Stiffness can be easily increased by using such tubes on the bicycle. The main reason is that a tapered tube can always be stiffer than a particular type of tube. So if you want to consider it, you’ll find several other significant advantages for it, besides being able to increase cornering accuracy and find ways to increase all kinds of feedback while riding.
What Is A Non-Tapered Fork On A Bike?
The fact that the bicycle column is straight and non-tapered means that it can easily be cut to any length you want to use on any height structure. Regardless of the length of the bike’s column, the column cap and side-by-side base will fit properly.
Most commonly, round-type columns are made of fiberglass, PVC type, and sometimes wood. Furthermore, you’ll notice that a non-tapered fork on a bicycle fits a specific type of standard 1″ to 1/8″ head tube. Additionally, this type of non-tapered fork fits properly on the top and bottom of the bicycle.
Differences Between Tapered And Non-Tapered Forks
- Non-tapered forks are a straight type of steerer tube, through which the original frame of the bike can be properly connected to the forks of the bicycle. They range from 1 to 1/8 inch in most cases, and in some cases up to 1.5 inches.
Taper forks, on the other hand, usually start at 1.5 gauge on the bottom and go from 1 to 1/8 on the top. It always offers greater stiffness with minimal weight gain. So you will find these types of bike forks mostly on mountain roads, downhill, and also on xc bikes for high-end travel.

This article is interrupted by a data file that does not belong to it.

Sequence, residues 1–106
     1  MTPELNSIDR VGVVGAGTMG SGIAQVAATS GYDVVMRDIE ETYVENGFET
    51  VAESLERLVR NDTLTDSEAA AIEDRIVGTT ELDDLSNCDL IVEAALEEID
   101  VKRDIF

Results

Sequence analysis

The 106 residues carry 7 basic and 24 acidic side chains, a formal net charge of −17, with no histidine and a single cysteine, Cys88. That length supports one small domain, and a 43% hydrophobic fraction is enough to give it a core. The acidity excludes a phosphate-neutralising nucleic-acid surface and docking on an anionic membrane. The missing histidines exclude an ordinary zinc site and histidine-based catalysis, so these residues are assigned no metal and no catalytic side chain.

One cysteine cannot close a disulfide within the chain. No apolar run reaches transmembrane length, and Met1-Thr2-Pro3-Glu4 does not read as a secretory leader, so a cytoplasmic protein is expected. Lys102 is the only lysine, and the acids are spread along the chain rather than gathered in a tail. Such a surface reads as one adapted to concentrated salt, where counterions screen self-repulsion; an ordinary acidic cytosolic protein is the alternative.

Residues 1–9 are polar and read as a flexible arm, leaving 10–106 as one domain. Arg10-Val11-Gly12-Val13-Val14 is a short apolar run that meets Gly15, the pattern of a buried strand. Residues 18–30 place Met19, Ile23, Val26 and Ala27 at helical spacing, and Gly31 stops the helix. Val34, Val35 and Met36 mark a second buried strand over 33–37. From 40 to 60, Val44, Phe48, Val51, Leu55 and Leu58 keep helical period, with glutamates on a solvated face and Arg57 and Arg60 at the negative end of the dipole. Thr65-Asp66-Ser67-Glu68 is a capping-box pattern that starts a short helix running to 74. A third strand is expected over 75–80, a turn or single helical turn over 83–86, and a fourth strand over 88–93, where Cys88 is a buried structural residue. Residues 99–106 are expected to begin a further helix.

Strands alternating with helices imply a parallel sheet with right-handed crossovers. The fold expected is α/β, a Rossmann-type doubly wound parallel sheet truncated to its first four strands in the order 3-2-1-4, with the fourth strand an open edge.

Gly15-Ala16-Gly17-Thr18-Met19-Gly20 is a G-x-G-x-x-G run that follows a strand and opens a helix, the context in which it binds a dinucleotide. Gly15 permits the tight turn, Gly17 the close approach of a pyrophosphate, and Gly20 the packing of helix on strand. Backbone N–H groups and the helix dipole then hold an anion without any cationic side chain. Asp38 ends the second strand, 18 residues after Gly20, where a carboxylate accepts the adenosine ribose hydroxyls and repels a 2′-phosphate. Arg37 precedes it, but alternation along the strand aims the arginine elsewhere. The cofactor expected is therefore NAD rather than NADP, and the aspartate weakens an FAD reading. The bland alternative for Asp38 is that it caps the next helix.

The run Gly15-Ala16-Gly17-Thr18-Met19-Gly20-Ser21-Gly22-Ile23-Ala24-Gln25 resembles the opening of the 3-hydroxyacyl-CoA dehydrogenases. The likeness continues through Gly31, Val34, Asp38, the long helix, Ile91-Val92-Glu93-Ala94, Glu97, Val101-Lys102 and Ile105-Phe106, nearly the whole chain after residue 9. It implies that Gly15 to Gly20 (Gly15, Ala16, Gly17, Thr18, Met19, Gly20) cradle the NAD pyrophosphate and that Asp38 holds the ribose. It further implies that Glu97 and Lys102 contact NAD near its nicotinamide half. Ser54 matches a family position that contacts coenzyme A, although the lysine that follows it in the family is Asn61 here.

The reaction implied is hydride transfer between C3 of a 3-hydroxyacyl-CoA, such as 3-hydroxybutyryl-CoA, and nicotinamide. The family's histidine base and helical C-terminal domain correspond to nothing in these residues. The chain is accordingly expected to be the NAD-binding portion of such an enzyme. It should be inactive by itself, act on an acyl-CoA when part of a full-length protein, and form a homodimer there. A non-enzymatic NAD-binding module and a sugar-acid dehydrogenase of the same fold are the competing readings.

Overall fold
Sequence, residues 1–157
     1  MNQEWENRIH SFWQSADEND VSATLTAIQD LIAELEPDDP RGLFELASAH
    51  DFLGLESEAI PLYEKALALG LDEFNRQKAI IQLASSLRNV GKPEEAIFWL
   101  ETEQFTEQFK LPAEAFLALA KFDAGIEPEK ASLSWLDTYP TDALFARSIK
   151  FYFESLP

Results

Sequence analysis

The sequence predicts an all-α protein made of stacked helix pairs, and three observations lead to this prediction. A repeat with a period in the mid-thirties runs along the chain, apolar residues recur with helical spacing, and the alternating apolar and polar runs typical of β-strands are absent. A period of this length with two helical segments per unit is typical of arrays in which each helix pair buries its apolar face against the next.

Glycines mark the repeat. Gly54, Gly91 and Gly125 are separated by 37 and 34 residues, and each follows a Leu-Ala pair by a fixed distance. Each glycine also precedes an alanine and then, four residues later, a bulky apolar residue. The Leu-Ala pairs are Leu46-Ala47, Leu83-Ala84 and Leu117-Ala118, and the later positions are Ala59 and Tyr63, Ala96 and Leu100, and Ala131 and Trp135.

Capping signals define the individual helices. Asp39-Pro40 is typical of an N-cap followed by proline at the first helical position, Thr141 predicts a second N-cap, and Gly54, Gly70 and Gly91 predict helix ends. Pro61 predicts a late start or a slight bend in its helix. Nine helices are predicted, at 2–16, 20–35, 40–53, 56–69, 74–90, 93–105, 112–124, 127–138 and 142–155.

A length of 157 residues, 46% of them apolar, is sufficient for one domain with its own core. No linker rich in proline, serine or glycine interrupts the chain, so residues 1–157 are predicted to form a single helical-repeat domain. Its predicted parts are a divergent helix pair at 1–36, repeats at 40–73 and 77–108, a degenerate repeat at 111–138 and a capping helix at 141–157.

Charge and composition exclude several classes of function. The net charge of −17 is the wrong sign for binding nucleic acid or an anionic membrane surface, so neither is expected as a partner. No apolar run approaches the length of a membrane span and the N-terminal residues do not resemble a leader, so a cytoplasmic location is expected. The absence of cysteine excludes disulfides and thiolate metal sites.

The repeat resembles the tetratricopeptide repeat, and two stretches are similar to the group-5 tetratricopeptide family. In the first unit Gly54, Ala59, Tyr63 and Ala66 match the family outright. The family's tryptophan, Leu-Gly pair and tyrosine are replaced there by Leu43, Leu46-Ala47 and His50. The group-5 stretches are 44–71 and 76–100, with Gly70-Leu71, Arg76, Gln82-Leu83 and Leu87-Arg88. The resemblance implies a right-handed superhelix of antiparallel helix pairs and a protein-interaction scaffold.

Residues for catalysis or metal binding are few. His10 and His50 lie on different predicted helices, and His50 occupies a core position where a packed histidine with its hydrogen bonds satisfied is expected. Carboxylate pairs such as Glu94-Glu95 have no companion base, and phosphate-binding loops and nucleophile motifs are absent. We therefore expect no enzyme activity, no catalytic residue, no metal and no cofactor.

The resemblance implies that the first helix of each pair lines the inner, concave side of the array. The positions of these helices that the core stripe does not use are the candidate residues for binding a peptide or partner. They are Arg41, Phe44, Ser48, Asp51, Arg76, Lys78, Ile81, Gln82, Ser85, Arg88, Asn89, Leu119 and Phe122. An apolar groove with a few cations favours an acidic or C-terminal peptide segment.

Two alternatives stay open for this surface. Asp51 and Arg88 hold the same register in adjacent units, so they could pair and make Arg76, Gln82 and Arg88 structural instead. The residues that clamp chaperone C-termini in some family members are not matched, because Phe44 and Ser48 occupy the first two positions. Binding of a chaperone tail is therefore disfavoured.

- Non-tapered forks with EC 44 or 40 bottom assembly 1 can also be used on tapered forks with 1/8″ size bicycle head tubes with a 44 mm ID. Standard type non-tapered forks have the same diameter at the top and bottom. In most cases they were originally manufactured specifically for a 1″ steel bicycle steerer. They also have threaded headsets that allow the installation of standard type non-tapered forks.
Widespread adoption of integrated type headsets and threadless headsets has seen head tube diameters increase from size 1 to 1/8″ on the top and a lot on the bottom. From 2012 to 2013, tapered heads for bicycles were introduced. The mass of the tubes was taken, which was measured from 1 to 1/8″ towards the top and from 1 to 1/2″ along the same diameter. Also, a large tapered oversized fork can accommodate properly. That’s why every rider must use a proper and suitable tapered fork for the bicycle as the carbon steerer for the bicycle is glued to a lug when welded to the fork crown.
Advantages & Disadvantages Of A Tapered Head Tubes
Tapered head tubes have many advantages. With so many advantages, riders constantly consider using this type of head tube on their bikes. Keeping the riders in mind, these types of head tubes keep coming into the cycle products market.